I hope I could show you at least a little bit how RailsConf was awesome for us. Conferences are always great to do networking, and RailsConf in particular allowed us to share and collaborate a lot with other people from the community. I like to think this is the main point of events like that, it’s where most of the good things come from, sharing and discussing ideas.
And Chicago is really a great city for tourism, there are lots of nice places to go, hopefully I will be able to go back there someday, visit some of these again and some other places, plus visiting some of the folks we met from Chicago would be cool too.
Here are the slides of my talk, Tricks that Rails didn’t tell you about:
I’ll update this post with the video as soon as it is online. In addition to that, we’ll be preparing another blog post with some of the talks we enjoyed the most after the videos are available, so we can link everything properly.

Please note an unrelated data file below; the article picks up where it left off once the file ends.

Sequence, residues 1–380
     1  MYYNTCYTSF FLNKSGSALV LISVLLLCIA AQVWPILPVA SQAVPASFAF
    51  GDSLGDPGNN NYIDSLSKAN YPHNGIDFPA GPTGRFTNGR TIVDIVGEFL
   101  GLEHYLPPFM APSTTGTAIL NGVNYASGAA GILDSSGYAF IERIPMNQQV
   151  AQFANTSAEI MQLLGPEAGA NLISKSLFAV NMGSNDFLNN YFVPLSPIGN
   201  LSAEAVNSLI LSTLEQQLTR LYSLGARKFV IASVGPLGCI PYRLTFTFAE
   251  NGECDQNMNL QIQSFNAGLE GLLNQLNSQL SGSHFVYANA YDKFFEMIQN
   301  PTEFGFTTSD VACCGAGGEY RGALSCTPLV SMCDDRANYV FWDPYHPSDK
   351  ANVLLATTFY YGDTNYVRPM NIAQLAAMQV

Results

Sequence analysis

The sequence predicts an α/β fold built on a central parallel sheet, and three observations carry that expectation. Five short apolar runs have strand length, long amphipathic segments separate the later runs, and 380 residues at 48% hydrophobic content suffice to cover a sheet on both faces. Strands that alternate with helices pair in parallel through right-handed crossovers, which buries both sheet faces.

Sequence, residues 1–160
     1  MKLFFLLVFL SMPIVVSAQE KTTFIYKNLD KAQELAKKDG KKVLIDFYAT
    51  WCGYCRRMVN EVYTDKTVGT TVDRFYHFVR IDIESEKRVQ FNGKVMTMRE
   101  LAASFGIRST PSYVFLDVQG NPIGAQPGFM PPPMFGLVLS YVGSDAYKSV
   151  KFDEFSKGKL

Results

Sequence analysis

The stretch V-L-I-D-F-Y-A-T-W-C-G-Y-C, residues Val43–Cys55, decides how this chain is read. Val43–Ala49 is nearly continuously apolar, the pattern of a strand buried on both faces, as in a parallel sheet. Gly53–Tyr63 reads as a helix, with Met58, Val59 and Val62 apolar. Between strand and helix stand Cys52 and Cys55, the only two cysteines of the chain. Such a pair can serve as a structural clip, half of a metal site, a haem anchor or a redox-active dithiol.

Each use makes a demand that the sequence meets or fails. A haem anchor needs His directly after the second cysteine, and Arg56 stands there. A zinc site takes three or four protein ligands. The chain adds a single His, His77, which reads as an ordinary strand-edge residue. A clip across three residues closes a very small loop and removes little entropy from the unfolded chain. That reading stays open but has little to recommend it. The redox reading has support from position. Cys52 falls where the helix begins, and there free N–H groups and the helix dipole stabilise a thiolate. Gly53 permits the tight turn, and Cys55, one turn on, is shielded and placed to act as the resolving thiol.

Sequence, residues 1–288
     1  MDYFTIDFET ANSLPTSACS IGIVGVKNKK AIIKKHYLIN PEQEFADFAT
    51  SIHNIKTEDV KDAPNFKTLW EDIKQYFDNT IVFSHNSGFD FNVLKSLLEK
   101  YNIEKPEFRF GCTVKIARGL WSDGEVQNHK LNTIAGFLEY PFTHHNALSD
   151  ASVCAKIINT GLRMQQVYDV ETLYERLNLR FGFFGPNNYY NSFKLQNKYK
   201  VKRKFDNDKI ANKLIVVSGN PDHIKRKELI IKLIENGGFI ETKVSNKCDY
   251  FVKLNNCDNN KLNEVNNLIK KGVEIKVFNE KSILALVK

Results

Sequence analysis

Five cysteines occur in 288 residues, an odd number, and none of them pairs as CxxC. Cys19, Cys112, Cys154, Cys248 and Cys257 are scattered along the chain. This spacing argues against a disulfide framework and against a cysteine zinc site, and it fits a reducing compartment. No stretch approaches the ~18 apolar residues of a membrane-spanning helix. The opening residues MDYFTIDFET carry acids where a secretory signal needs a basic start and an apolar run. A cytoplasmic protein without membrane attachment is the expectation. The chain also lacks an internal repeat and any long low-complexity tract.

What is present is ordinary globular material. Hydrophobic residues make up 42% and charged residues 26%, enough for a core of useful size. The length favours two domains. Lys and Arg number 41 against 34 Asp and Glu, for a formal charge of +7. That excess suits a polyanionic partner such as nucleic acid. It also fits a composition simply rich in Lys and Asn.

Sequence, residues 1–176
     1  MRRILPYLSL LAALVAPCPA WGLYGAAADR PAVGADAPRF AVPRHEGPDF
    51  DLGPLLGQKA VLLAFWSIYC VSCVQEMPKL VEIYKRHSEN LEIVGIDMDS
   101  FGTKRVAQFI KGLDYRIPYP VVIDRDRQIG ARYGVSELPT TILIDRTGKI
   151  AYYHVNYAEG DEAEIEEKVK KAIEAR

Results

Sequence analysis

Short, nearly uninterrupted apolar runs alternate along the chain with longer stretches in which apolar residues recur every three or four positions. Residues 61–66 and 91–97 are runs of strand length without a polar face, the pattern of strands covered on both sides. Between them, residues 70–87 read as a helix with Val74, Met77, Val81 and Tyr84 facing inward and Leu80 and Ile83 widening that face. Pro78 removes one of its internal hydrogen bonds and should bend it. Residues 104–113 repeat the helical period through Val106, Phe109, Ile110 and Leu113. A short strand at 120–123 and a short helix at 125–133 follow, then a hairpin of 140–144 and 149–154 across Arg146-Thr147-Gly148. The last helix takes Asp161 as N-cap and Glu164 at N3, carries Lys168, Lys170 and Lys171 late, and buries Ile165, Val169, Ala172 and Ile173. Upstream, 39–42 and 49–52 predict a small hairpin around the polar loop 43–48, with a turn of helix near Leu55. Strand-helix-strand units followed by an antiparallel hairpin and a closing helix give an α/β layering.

I want to thank again everyone that came to talk to me or tweeted about about my talk, I really appreciate every single feedback I’ve received. And also thanks to everyone who came to say thanks for our Open Source projects, we appreciate it a lot, it keeps us motivated to work more and more on these projects so that everyone can benefit from them.
How about you? Did you go to RailsConf? Did you enjoy it? Or are you planning to go next year? Remember, it’ll be in Atlanta, hopefully we’ll see you there.